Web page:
To recreate Llama Llama, I sized down the pants and button down shirt from larger patterns I had in my project books for his red flannel pajamas.  I added a flannel stuffed tail to the back (no comments on the brown wad coming from his behind, it was part of the costume!).  The PJs ended up being a bit roomy on him but not big enough for him to trip.

The booties and hat I bought on Etsy and glued on some black and white felt to create the eyes.  When we added his Llama Llama doll, the transformation was complete.  The toughest part about this costume was getting Griffin to actually wear the hat, which he tore off his head as soon as he realized it was there.  The more distractions, the longer the hat stayed in place.

There he goes!  Catch that Llama!

Llama Llama Griffin

There goes the Llama
To show off celebrate, Griffin was invited to a pre-Halloween birthday party potluck for his playmate.

My contribution to the potluck were these darling pumpkin spice whoopie pies with maple cream cheese filling.  The whoopies were moist and soft, with just enough spice and not too much pumpkin to make them overbearing, and the filling was de-lish (as anything with cream cheese is).  Plus, bonus, they’re pretty easy to make, unlike finicky macarons.  The whoopies were a party favorite, not a crumb left on the plate.  Pumpkin Spice Whoopies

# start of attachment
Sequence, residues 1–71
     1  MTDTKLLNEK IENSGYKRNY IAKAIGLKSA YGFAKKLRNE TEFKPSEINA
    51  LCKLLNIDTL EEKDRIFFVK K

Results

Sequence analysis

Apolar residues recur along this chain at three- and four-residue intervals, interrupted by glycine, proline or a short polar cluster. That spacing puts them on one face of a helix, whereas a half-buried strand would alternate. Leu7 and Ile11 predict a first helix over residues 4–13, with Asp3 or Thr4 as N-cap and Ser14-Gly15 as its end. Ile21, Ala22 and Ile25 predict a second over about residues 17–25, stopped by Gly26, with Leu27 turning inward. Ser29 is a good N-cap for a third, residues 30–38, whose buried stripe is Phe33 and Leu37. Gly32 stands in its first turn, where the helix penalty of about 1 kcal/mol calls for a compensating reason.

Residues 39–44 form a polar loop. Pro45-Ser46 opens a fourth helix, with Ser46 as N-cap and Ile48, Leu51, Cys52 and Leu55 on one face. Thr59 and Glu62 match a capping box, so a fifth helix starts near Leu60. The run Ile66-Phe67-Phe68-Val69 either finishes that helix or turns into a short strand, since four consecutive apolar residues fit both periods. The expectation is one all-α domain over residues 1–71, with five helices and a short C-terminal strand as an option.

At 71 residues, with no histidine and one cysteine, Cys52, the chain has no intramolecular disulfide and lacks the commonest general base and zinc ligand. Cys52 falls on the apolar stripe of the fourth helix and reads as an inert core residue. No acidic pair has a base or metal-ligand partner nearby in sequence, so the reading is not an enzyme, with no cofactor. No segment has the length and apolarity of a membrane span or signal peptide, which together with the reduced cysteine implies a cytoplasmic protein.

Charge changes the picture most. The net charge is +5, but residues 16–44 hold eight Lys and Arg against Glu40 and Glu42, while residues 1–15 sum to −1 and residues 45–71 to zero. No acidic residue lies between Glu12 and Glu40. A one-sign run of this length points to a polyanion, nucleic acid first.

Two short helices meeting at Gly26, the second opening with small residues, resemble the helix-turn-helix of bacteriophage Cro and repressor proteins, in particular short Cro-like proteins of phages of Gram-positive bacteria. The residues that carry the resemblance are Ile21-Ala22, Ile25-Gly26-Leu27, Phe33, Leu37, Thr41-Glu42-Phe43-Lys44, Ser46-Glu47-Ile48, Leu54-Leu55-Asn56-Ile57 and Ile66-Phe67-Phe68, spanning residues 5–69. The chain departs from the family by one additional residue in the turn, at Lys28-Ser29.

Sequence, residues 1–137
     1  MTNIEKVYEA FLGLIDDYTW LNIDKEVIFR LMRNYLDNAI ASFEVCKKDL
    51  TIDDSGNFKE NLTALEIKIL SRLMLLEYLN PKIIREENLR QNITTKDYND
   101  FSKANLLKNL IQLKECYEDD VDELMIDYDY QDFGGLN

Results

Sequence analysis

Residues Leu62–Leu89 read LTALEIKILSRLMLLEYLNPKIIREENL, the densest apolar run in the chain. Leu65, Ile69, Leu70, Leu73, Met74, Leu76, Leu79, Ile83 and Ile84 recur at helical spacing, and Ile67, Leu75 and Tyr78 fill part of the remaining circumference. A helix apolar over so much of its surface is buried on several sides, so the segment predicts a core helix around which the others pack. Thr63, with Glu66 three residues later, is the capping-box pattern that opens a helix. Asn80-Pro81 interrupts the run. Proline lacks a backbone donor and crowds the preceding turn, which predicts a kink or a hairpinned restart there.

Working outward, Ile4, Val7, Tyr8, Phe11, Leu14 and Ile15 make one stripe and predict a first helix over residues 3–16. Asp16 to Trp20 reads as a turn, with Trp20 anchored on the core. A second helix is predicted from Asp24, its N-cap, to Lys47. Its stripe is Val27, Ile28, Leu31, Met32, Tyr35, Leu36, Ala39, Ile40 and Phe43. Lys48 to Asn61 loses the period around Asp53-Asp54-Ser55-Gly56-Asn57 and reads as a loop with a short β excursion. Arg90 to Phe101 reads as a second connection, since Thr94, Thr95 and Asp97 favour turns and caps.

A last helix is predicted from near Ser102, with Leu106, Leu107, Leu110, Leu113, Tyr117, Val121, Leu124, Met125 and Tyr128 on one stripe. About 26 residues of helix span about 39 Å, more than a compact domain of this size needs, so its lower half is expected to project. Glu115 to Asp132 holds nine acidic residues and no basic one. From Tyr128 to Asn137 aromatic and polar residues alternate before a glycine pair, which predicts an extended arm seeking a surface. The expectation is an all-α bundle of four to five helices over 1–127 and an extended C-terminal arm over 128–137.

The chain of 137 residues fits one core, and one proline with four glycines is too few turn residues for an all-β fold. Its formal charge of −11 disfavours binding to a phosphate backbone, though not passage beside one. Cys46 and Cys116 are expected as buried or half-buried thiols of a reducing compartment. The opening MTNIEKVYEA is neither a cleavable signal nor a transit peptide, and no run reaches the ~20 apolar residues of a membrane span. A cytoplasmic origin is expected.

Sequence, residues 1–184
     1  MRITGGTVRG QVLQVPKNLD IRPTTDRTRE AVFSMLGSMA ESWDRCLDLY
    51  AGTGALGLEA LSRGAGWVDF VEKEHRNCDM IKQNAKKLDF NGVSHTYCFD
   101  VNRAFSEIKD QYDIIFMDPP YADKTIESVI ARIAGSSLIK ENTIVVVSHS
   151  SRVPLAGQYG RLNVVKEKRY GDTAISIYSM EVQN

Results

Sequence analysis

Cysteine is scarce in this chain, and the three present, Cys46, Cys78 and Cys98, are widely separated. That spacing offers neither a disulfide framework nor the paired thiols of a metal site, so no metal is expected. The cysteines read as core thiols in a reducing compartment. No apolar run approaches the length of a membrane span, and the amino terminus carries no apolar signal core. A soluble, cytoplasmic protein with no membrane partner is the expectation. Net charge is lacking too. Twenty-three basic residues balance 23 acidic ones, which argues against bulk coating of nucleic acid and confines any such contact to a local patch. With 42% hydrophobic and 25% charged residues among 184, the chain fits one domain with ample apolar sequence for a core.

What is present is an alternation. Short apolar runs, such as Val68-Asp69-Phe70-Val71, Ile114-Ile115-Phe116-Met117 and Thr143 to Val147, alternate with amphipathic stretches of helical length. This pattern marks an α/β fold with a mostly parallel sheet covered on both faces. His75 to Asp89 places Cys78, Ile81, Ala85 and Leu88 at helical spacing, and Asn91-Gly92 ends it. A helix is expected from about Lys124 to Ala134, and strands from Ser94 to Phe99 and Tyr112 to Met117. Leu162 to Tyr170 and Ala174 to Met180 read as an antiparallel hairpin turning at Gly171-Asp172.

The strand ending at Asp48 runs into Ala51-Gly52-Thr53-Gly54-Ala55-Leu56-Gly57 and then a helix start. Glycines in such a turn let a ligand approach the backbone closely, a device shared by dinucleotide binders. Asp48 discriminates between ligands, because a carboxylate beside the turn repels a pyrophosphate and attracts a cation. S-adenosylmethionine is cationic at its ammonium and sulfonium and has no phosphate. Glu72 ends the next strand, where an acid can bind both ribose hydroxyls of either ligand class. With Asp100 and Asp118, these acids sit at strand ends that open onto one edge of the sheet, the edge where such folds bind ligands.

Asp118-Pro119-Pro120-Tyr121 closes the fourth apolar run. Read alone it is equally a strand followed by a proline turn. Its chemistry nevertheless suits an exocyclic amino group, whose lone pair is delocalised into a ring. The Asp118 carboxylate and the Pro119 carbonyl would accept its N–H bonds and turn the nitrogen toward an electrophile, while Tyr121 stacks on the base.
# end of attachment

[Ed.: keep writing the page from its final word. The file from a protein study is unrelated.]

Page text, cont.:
[Note: I also made chocolate whoopies with marshmallow cream, but they were too scary to eat.  Well, actually, they were too dry and crumbly, a recipe disaster that still happens occasionally.  Snapped a photo anyway.  Hee.] Scary spider

Loved the accolades received from my whoopies, but Griffin’s costume made an even bigger impression, as he walked around in his hat (for the 20 minutes it stayed on his head) looking up at each guest and holding out his prized Llama Llama doll to anybody that would catch his infectious smile.  Cuteness in spades.

I always used to dread Halloween.  I was never one to try to recreate a hokey costume into something slutty for the one day out of the year where it’s required to put it on display.  But now that kids are involved, I can get into the holiday spirit the way it was when I was a kid: a cute mom-made costume, candy and treats galore, trick or treating around the neighborhood, and celebrating the arrival of Fall.  Tonight- on with the tricking and the treating!  Happy Halloween!

Pumpkin Spice Whoopie Pies

Serves 20
Prep time 20 minutes
Cook time 25 minutes
Total time 45 minutes
Meal type Dessert



  • 1 1/2 cup Flour (All Purpose)
  • 1/2 teaspoon Kosher salt
  • 1/2 teaspoon Baking powder
  • 1/2 teaspoon Baking soda
  • 1 1/2 teaspoon Cinnamon